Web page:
Considering the array of predators — everything from weasels to red foxes — that will raid a henhouse, Tom Keller isn’t surprised when poultry owners express concern about a plan to introduce another one to the Pennsylvania landscape.
The Pennsylvania Game Commission is exploring the feasibility of reintroducing the American marten in several areas of the state. The species, which is part of the mustelid family that includes weasels, mink and otters, is native to Pennsylvania but was extirpated from the state in the early 1900s due to deforestation and unregulated harvest. Adult martens weigh between 1 and 3 pounds and measure between 19 and 27 inches, the same size as adult mink.
The Game Commission board approved the development of a marten reintroduction plan in July 2022. Keller, who is the agency’s furbearer biologist, is writing the plan, which has generated a lot of debate, and concern, over the impact of bringing back a predator.
In an effort to address questions directly, Keller launched a public relations campaign, traveling the state to speak with sportsmen’s groups, conservation organizations and host open houses in every region.
He knows the notion of bringing back this predator will trigger some alarm, and so far Keller has seemingly heard it all. Those who own chickens and other poultry have been vocal, he said, and they want to know if martens will prey on their birds.
“That’s one of the most common questions we get,” Keller said. “There’s so many people that have backyard flocks, so we get a lot of people asking about it.”
In short, Keller’s answer to poultry owners is they really don’t have anything to worry about when it comes to the marten, for several reasons.
The marten is a reclusive species that prefers the remoteness of large, unbroken tracts of forest. If they are eventually released back into the state, Keller said, it will likely be in the vast forests of the northcentral region, including the PA Wilds, the Allegheny National Forest and possibly the area west of Scranton in the northeast.
“It would be far away from agricultural areas and most places where you would find backyard chicken flocks or even commercial flocks,” he said.
And if there are a few flocks in the release areas, Keller said the predator management techniques that are commonly practiced now — fencing and locking birds in coops at night — would be adequate protection against martens.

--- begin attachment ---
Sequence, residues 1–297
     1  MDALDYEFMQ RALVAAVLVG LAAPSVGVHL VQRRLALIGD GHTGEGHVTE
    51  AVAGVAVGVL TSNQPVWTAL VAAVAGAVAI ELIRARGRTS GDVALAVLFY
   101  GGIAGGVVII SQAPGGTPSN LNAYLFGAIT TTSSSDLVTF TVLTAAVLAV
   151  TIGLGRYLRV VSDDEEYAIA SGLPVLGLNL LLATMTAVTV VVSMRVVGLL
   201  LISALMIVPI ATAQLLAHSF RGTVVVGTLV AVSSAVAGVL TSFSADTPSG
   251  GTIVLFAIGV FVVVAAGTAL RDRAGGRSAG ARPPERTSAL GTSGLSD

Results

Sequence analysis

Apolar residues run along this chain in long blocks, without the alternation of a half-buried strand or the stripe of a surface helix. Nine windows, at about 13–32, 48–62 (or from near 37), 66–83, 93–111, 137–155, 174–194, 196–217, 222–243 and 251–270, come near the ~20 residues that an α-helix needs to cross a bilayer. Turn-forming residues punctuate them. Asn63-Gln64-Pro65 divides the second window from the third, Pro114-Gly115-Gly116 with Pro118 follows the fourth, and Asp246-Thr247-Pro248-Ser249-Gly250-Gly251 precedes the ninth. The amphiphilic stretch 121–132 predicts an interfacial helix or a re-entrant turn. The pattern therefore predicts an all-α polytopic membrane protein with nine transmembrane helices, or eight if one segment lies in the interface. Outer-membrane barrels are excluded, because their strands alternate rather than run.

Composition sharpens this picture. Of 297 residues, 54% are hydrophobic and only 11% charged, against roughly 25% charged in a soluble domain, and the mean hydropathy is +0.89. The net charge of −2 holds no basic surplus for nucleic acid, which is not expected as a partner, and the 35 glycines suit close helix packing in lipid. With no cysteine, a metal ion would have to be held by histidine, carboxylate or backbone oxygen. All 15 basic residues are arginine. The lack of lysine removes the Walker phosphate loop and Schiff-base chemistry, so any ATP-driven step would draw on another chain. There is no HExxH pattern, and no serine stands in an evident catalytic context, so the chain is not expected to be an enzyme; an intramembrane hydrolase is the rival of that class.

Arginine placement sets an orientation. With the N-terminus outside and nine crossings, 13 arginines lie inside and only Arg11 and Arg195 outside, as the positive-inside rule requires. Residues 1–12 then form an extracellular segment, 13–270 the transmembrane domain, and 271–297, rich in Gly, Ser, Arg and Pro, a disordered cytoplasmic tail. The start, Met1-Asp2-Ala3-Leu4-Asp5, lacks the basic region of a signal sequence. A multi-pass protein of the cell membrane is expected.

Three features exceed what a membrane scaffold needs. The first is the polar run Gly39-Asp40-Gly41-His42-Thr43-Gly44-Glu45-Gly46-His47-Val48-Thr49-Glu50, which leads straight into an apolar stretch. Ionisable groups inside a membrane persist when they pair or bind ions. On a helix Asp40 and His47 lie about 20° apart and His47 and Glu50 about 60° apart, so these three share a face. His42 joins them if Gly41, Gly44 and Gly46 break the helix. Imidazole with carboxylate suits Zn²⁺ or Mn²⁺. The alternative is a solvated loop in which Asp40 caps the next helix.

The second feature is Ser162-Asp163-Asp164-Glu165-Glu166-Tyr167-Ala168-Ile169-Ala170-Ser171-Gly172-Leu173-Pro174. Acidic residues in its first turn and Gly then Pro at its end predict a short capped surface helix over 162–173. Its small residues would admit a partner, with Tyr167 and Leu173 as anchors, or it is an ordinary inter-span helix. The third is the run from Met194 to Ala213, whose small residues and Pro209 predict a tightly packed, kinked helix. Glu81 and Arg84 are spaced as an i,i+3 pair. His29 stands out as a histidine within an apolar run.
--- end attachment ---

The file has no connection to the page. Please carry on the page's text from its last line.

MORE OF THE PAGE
“If you’re already protecting your flock from things like weasels and mink, then you’ll be protecting them against marten as well,” he said.
As Keller researched the feasibility of a marten reintroduction effort for Pennsylvania, he scrutinized diet studies conducted by states where the species is present. Keller wanted to know what martens eat, and as a grouse and turkey hunter himself, he wanted some assurance that the predator wouldn’t be a detriment to those populations.
As Keller spent nearly a year reviewing research from other states and Canadian provinces, studies indicated that raiding turkey nests, or anything similar, isn’t the marten’s forte.
“I can’t find any evidence that marten predate turkey eggs, poults or adults,” he said. “Members of the weasel family generally hunt for live animals, and in the case of marten, their diet is very diverse, including small mammals, insects and plant material.”
Still, more work remains before any reintroduction will take place. As of mid-February, Keller has already given 25 marten presentations across the state and he has another 30 scheduled. He is still developing the reintroduction and management plan, which will determine release sites, how many martens are needed and from which states they will come, and how to capture, transport and release the furbearer in Pennsylvania.
Keller hopes to present a draft plan to the Game Commission board in July. If it gets the green light, a lengthy public review and comment period will follow. Then Keller will head back to the board with a final plan for consideration, and he said that won’t happen until January 2024 at the earliest.
“If the final plan is approved, then we’ll move forward with actual reintroduction. This is a multi-year process just to get to the point of release,” Keller said.
In the meantime, he will continue giving presentations to every club and organization that will have him, and he’ll answer any question that is asked.
At this point, Keller has a good idea of what to expect.
“The major concern still revolves around an impact to wild turkeys and domestic fowl. That’s to be expected,” he said. “The presentations do help change some opinions, and education is very important. This is a species that we haven’t had here for 120 years.”